| 1895 (1895)|
| A Trip to the Moon, Centrifugal railway, Switchback Railway, Dante's Inferno, Ghost Hole|
Flip Flap Railway was the name of a looping wooden roller coaster which operated for a number of years at Paul Boyton's Sea Lion Park on Coney Island, New York. The coaster, which opened in 1895, was notable for being the first looping roller coaster to operate in North America. It was also notable for its engineering as well as the extreme G-forces that this engineering inflicted on riders.
Flip Flap Railway Wikipedia
The first looping roller coasters were built in Europe in the mid-1800s. These rides, known as "centrifugal railways", were initially designed to be temporary installations and they achieved little success.
The Flip Flap Railway was tested in Toledo, Ohio in 1888 by designer Lina Beecher before the coaster was moved to Coney Island. The coaster was tested with sand bags and monkeys before human riders were allowed on the coaster. Sea Lion Park developer Boyton liked Beecher's coaster and decided to move it to Sea Lion Park.
Flip Flap Railway was shut down along with Sea Lion Park in 1902. While Sea Lion Park was replaced with Luna Park in 1903, Flip Flap Railway was not retained, owing to its unpopularity. The 2-person cars also meant that it was difficult to turn a profit on the coaster.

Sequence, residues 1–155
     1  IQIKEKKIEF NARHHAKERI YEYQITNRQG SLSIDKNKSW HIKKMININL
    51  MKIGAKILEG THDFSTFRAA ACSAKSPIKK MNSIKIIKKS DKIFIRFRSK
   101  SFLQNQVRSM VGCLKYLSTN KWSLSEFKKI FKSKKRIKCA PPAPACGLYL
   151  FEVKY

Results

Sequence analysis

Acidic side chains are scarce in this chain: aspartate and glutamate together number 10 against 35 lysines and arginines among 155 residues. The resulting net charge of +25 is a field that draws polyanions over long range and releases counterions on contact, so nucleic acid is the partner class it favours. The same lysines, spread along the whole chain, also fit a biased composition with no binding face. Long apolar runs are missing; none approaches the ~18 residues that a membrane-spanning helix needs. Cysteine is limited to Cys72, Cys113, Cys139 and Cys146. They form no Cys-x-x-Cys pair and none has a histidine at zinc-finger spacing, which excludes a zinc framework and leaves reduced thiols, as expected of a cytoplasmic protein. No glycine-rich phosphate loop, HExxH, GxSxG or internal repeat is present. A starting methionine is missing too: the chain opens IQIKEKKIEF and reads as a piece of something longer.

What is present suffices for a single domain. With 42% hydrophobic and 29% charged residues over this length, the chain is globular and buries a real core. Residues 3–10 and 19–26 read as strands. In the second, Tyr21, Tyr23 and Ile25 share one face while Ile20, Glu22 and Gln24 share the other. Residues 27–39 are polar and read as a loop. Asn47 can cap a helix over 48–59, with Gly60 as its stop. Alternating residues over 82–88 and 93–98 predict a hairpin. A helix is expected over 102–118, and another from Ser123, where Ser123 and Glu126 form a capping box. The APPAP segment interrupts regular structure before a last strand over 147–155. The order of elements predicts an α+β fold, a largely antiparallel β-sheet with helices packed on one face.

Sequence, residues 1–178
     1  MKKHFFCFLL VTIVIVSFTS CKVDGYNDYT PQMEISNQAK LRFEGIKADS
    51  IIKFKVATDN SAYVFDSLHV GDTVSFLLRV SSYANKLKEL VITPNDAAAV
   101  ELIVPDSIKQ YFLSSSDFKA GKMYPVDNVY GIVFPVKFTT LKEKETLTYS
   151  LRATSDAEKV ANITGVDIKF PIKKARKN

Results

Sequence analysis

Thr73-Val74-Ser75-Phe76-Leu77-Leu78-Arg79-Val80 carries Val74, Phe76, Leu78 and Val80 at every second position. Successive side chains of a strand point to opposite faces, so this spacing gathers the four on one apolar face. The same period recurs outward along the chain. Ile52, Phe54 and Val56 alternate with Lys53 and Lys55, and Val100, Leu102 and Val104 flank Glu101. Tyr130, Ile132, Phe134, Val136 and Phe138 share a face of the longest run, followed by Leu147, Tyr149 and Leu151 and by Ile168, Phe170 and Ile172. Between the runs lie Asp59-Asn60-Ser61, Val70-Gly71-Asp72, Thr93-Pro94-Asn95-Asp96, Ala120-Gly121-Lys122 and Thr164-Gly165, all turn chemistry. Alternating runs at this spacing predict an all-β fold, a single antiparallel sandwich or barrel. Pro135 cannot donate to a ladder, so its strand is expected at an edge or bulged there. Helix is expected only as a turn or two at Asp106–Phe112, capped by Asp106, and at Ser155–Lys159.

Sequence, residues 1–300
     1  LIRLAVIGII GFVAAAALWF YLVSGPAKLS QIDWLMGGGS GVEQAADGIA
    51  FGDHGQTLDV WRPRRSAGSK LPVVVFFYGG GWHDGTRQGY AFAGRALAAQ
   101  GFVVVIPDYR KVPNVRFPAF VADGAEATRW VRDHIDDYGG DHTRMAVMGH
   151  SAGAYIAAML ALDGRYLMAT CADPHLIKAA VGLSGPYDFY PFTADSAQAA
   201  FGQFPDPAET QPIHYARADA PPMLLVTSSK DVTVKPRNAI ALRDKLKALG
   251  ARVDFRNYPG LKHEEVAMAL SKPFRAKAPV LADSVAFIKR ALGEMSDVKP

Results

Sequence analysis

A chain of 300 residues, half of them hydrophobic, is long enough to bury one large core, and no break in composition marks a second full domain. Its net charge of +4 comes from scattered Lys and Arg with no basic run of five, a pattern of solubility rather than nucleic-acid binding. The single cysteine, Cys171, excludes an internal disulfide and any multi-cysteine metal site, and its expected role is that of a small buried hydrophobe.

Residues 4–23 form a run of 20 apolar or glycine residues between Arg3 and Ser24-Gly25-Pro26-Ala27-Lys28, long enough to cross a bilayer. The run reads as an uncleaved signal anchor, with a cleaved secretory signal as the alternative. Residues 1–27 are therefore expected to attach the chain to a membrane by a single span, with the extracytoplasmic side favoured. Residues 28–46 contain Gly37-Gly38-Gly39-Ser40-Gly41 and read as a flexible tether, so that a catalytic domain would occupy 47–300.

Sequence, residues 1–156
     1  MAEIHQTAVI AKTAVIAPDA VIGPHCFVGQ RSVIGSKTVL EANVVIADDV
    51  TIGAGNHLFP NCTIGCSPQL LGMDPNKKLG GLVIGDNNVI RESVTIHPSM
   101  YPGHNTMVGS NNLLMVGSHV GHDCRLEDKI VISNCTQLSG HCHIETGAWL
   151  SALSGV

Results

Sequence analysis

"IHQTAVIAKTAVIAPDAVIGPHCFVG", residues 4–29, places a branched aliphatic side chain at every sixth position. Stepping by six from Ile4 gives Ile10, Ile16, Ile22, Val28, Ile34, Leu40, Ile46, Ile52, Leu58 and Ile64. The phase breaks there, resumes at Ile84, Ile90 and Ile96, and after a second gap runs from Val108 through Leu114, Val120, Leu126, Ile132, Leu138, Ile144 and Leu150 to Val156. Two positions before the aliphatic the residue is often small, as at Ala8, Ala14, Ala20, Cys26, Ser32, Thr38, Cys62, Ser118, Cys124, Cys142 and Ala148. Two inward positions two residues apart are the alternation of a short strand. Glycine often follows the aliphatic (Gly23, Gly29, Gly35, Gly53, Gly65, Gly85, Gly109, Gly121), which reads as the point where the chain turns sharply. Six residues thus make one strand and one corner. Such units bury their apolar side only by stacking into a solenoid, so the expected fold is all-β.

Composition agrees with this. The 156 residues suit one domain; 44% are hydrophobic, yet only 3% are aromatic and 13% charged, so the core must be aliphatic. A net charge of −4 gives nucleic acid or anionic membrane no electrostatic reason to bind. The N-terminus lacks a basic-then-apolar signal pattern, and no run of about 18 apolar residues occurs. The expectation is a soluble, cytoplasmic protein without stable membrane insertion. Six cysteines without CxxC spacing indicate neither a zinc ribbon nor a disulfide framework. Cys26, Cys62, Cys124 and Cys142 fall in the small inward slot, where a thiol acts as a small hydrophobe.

Like the earlier centrifugal railways in Europe, Flip Flap Railway was notorious for the extreme G-forces that it produced in its riders. The circular nature of the coaster's loop, as well as its relatively small diameter of 25 feet, meant that it could produce forces of approximately 12 Gs. This caused riders to often experience discomfort and neck injuries from whiplash. Modern looping roller coasters use teardrop-shaped loops to greatly reduce these G-forces. For this reason, Flip Flap Railway was the last coaster to use a truly circular loop.